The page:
relatively large effect at room temperature (6p/p--2%), and the low saturation fields (H.-5-10 Oe)
required to obtain the AMR. effect. In recording heads, the geometry is such that the field from
the media is transverse to the current direction in the head, thus the AMR effect for fields applied
transverse to the current direction is utilized (PT in Figure 2). In order to make a useful device,
one requires a unique response for both positive and negative applied fields. One therefore wants
the operating point (zero applied field) to be either on the increasing or decreasing slope of the
AMR response. This is called "biasing" the head. There are two pertinent biasing methods
currently used in AMR heads: the Soft Adjacent Layer and Dual Stripe configurations.


Soft Adjacent Layer (SAL):



• current leads (i)
• Soft Adjacent Layer (SAL)
~ thin non-magnetic layer
• AMR. element
II shields


Figure 4: Schematic of recording head utilizing the SAL biasing technique. The fringing
field from the SALlayer rotates the magnetization of the AMRelement, effectively
biasingthe head.

The SAL method of biasing the AMR read heads has been developed and utilized by ffiM [Ref.
3]. The idea is to place a soft magnetic material adjacent to the AMR material. When the soft
magnetic layer is magnetized (field produced by a current is sufficient to magnetize the SAL
layer), it produces a fringing field (HF) that rotates the magnetization of the AMR material with
respect to the current (see Fig. 4). Since the change of resistance in an AMR head goes as cos~,
where e is the angle between the magnetization direction and the current, the optimum bias
configuration is to rotate the magnetization ofthe AMR material to 45 degrees with respect to the
current direction. This will shift the resistivity at zero applied field to a value midway between the
maximum and minimum of PT. Thus the resistivity will either increase or decrease when sensing
positive or negative fields. The response of the head, however is non-linear, since the voltage
response is proportional to the negative parabolic field response of the AMR. material (Figure 5).
Furthermore, the SAL biased head has an asymmetric cross track profile, as well as asymmetric
peak heights, making servo techniques more difficult.


Figure 5:


Simulated output of a SAL biased AMR recording head. Function plotted is
V = -[(X-Xo)2 + Yo]: the abscissa represents the applied field; the ordinate, the
voltage response (arbitrary units). Note the non-linearity of the response - the
magnitude is less for positive applied fields than for equally large negative
applied fields - giving asymmetric peak heights in the read back signal.

Dual Stripe

• current leads (i)
~ thin dielectric
• AMR elements
III shields
Figure 6: Schematic of Dual Stripe Magnetoresistance head The magnetic fields generated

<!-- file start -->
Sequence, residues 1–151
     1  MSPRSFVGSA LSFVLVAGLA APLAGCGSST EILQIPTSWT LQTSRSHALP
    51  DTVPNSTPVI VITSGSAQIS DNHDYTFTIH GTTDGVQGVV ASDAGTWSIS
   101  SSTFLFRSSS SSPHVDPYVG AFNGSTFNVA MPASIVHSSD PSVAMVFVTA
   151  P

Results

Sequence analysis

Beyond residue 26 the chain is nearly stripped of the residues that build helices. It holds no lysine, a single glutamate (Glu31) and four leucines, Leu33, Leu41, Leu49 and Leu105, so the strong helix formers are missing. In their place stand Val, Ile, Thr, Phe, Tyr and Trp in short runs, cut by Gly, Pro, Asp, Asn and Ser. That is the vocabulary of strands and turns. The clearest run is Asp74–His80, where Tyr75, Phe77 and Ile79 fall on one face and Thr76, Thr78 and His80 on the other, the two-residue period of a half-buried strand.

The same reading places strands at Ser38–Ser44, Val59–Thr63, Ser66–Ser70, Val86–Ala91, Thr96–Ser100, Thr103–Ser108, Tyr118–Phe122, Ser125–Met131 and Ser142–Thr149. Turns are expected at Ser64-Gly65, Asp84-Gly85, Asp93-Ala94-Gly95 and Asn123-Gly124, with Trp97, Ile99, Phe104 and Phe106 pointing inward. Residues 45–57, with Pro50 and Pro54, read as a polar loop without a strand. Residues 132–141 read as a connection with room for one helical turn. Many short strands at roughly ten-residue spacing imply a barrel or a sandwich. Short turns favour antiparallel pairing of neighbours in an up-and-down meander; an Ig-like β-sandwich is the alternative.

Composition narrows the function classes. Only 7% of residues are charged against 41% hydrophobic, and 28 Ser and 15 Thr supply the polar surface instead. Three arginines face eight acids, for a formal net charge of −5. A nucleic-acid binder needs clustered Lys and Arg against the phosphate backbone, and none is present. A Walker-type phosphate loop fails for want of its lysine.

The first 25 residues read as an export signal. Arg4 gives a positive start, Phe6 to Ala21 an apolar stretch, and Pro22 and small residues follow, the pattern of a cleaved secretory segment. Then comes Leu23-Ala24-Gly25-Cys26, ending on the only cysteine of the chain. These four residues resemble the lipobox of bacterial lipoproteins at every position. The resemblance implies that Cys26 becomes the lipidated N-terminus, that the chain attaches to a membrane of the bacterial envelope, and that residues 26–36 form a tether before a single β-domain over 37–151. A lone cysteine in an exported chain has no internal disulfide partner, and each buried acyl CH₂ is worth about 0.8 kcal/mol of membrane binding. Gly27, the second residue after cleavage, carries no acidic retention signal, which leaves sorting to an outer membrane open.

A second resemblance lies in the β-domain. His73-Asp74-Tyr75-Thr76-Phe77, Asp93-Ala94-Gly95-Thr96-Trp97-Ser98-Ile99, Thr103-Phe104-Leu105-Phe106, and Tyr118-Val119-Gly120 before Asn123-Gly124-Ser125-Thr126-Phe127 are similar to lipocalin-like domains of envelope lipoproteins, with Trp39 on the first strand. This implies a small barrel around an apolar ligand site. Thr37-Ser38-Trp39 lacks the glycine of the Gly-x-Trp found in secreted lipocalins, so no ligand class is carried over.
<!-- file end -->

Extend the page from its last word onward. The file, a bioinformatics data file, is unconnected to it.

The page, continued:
by the current in each stripe bias the other stripe.

The dual stripe method of producing a biased AMR. head was developed and utilized by Hewlett
Packard [Ref. 4]. The design consists of two AMR. stripes separated by a thin dielectric (Figure
6). Current is run through both stripes and the leads are shorted at one end. The magnetic fields
generated by the current in each stripe bias the other stripe. The advantage of the dual stripe
design is that the response of the head is a differential between the responses of the individual
AMR elements. Each MR element produces a signal proportional to -(x-Xoi. Since each of the
AMR elements are biased in opposite directions, Xol= -Xo2. The ultimate signal is the difference
between two offset negative parabolas. Figure 7 shows an output simulated by taking the
difference of two negative parabolas with equal and opposite offsets. Note the linearity of the
signal. In addition the dual stripe configuration gives a symmetric cross-track signal, facilitating
servo techniques. The dual stripe head design is superior to the SAL head design in that it
provides higher output per unit track width, common mode noise rejection, superior second
harmonic suppression, and linear cross-track profiles.


Figure 7:


Simulated output of dual stripe magnetoresistive head. Function plotted is
V=[ - (X-Xo)2] -[_(X+Xo)2]: abscissa represents the appliedfield; the ordinate, the
voltageresponse (arbitraryunits). Note the linearityof the response.

Giant Magnetoresistance (GMR)

Giant Magnetoresistance (GMR) was discovered In 1988 by Baibich et al. [Ref. 5], in
antiferromagnetically coupled multilayers of Fe/Cr. In this structure, thin layers of magnetic
metals are separated by layers of non-magnetic metals. The magnetic layers are coupled through
the non-magnetic layers in either a ferromagnetic or antiferromagnetic configuration depending on
the thickness of the non-magnetic layers. Magnetoresistance effects of up to -50% were
observed at low temperatures (Figure 8). This effect was subsequently found to occur in a
number of multilayer magnetic film systems.





MotnebC ,..ld !lcGI

Figure 8: GiantMagnetoresistance effect as reported by Baibich et al.


The GMR effect requires that there is a method to change the relative orientations of the
magnetization in adjacent magnetic metal layers, and that the thickness of the films must be less
than the mean free path of the electrons. A heuristic model of the GMR effect is schematically
shown in Figure 9. The G:MR. effect can be qualitatively understood on the basis of a two fluid